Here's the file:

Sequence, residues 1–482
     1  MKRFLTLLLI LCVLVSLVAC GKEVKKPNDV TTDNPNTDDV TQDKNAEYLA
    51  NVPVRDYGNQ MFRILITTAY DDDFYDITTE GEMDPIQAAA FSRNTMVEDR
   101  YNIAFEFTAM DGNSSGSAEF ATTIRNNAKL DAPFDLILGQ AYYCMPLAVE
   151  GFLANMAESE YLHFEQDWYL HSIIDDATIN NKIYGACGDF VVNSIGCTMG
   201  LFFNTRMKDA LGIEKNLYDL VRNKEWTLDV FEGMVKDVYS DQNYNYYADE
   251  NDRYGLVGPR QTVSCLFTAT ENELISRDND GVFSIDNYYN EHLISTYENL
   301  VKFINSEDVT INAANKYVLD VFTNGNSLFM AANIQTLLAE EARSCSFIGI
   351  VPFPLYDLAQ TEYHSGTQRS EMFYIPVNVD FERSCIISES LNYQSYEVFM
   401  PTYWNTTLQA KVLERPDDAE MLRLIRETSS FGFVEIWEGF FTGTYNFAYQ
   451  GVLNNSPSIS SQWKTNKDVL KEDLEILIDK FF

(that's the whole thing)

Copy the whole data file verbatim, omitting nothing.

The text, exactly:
Sequence, residues 1–482
     1  MKRFLTLLLI LCVLVSLVAC GKEVKKPNDV TTDNPNTDDV TQDKNAEYLA
    51  NVPVRDYGNQ MFRILITTAY DDDFYDITTE GEMDPIQAAA FSRNTMVEDR
   101  YNIAFEFTAM DGNSSGSAEF ATTIRNNAKL DAPFDLILGQ AYYCMPLAVE
   151  GFLANMAESE YLHFEQDWYL HSIIDDATIN NKIYGACGDF VVNSIGCTMG
   201  LFFNTRMKDA LGIEKNLYDL VRNKEWTLDV FEGMVKDVYS DQNYNYYADE
   251  NDRYGLVGPR QTVSCLFTAT ENELISRDND GVFSIDNYYN EHLISTYENL
   301  VKFINSEDVT INAANKYVLD VFTNGNSLFM AANIQTLLAE EARSCSFIGI
   351  VPFPLYDLAQ TEYHSGTQRS EMFYIPVNVD FERSCIISES LNYQSYEVFM
   401  PTYWNTTLQA KVLERPDDAE MLRLIRETSS FGFVEIWEGF FTGTYNFAYQ
   451  GVLNNSPSIS SQWKTNKDVL KEDLEILIDK FF